Mongul has long been one of the greatest cosmic threats in the DC Universe, a charismatic leader and brilliant military tactician who was initially created in 1980 by Len Wein and Jim Starlin as a new foil for Superman. Over time, however, Mongul had a tremendous impact on the Green Lantern universe, leaving an indelible mark on Hal Jordan – it was Mongul after all who destroyed Coast City. Dead since 1995, Mongul’s legacy lived on in his two children but thanks to Flashpoint the original is back among the living, making his debut courtesy of his co-creator Jim Starlin in this week’s Green Lantern 23.2.
Mongul is Vlad the Impaler on a cosmic scale
Starlin uses the tried and true method of using flashbacks to paint his modern interpretation of the character, who is still a bold and sadistic despot who’s ability to impose his will not only with his strong words, but with his imposing presence and impressive power. The story of Mongul’s life paints a clear picture of a being who isn’t so much a villain as a self-made ruler of the cosmos, a Vlad the Impaler for the 21st Century. Starlin uses the threats of Admiral Pyri and his Oblivoron Federation as a vehicle to show just how cunning and ruthless the new Mongul is, turning the tables on the Admiral before the poor soul has any idea that his fate was sealed from the first moment they met.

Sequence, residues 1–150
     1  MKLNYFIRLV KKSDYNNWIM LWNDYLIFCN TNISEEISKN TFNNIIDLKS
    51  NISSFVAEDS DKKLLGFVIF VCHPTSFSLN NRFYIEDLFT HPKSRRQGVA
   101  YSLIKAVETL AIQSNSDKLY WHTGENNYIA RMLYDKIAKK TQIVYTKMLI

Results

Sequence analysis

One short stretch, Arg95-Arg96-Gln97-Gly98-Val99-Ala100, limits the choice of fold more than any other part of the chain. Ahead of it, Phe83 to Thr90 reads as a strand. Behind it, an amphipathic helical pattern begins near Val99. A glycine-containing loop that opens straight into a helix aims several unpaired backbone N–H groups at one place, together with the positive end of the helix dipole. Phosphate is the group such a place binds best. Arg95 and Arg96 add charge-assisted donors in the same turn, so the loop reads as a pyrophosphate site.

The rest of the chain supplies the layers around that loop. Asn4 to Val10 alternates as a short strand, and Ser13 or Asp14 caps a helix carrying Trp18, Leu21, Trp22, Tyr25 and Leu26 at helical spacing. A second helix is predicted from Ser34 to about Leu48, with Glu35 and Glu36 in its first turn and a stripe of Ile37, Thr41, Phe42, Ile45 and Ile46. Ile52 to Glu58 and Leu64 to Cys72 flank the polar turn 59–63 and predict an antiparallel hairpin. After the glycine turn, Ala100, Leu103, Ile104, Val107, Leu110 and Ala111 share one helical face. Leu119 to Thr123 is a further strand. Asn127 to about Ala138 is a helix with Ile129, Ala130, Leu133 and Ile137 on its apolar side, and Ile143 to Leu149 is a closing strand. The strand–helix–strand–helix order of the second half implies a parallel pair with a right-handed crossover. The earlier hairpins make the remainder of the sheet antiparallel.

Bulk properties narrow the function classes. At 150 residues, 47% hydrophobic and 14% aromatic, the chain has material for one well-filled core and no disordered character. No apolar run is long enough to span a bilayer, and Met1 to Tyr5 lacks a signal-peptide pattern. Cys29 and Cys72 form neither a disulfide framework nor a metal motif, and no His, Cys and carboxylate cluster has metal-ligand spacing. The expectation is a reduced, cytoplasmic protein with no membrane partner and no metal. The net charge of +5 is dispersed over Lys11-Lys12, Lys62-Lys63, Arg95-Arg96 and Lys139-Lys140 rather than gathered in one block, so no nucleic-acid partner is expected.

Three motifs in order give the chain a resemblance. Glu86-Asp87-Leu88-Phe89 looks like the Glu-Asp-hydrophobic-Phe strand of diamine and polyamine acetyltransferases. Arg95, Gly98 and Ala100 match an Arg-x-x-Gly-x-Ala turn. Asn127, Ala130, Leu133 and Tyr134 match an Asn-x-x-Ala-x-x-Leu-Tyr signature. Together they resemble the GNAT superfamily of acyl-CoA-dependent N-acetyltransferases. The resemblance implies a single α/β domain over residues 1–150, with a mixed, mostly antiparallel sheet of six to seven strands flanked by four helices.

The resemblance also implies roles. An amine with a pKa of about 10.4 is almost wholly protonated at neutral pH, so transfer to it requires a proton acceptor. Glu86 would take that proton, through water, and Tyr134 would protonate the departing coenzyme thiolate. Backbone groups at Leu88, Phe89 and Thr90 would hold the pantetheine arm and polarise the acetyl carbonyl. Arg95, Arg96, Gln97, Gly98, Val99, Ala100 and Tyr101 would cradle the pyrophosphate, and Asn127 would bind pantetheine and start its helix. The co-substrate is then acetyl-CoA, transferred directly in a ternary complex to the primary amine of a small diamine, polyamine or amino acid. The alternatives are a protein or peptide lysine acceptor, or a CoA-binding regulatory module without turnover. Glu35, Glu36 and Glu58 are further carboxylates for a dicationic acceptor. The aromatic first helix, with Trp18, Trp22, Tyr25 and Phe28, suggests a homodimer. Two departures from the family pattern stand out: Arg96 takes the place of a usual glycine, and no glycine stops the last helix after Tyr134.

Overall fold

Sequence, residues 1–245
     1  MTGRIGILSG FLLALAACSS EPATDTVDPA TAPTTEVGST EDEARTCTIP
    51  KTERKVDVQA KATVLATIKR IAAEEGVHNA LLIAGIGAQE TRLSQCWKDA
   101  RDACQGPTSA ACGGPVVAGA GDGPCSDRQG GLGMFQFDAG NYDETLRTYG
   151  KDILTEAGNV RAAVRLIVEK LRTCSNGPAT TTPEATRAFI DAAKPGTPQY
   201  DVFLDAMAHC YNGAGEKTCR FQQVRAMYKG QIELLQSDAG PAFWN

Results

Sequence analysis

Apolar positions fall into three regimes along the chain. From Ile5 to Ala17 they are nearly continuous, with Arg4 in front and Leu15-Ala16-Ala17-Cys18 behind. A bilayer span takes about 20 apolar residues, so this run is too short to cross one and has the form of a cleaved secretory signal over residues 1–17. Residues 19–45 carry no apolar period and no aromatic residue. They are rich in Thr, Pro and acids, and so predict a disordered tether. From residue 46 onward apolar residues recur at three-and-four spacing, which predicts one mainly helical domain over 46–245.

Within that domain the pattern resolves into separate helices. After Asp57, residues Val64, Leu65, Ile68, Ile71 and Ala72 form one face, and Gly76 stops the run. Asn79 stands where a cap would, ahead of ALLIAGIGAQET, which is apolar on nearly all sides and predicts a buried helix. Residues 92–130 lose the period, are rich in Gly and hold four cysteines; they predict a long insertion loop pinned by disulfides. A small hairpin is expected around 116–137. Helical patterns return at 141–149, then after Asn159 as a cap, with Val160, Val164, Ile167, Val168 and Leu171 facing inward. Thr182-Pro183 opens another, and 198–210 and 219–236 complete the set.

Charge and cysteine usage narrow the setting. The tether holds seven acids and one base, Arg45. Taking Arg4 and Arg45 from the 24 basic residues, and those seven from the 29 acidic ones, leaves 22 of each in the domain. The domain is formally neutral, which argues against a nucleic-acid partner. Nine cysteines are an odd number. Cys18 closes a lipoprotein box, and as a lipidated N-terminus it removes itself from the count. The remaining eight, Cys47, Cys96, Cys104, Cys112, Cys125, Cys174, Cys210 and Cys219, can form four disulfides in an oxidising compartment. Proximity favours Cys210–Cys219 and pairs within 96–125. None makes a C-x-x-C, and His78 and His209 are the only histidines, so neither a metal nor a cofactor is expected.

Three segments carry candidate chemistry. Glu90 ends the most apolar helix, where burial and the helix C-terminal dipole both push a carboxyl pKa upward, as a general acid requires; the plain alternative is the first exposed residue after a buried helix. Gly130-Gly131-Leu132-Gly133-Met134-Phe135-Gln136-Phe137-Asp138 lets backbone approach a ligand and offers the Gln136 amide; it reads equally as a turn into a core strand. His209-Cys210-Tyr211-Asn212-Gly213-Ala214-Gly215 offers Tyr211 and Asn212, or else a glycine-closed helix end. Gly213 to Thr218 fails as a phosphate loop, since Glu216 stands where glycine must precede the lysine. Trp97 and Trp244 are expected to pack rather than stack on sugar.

The tale is bloody but it certainly does a great job of introducing new readers to a classic character that still seems very familiar to long time DC fans. Both Warworld and the Black Mercies are thankfully back again as they are two elements that clearly defined the character and it will be interesting to see how creators use them when he makes his presence known to the heroes of the DC Universe. The issue ends with the implication that Mongul will be used in the Green Lantern family, although he hasn’t shown up in the solicitations yet beyond an appearance in December’s Batman/Superman #6. That fact is perhaps the one criticism of the book, that the briefest of mentions of the Green Lanterns on the last page is the only thing that ties him to the title with no idea when or if he’ll actually appear on the pages of the any of these book later on.
The only connection back to the title of the series is a reference on the last page.
Howard Porter does a wonderful job with the art in this issue and you’d have a hard time remembering that he at one time damaged his hand so severely he had to leave comics for two years. Porter’s art, along with Hi-Fi’s colors, depict a Warworld which is equal parts hi-tech and barbarism. Mongul is perhaps at his most imposing when Porter provides the grisly imagery of all that remains of the beings who have dared to challenge him.
Green Lantern 23.2 is perhaps a puzzling entry for Villains Month but one that does a great job of re-establishing Mongul in his rightful place as one of the universe’s most feared beings. Despite having no immediate connection to the future of the Green Lantern family of books there is plenty of history between Mongul and his progeny to the this corner of the DC universe to justify his usage here. While it’s certainly not required reading for Green Lantern fans it is a satisfying tale that adds one more major level threat to the villains roster. Four out of five lanterns.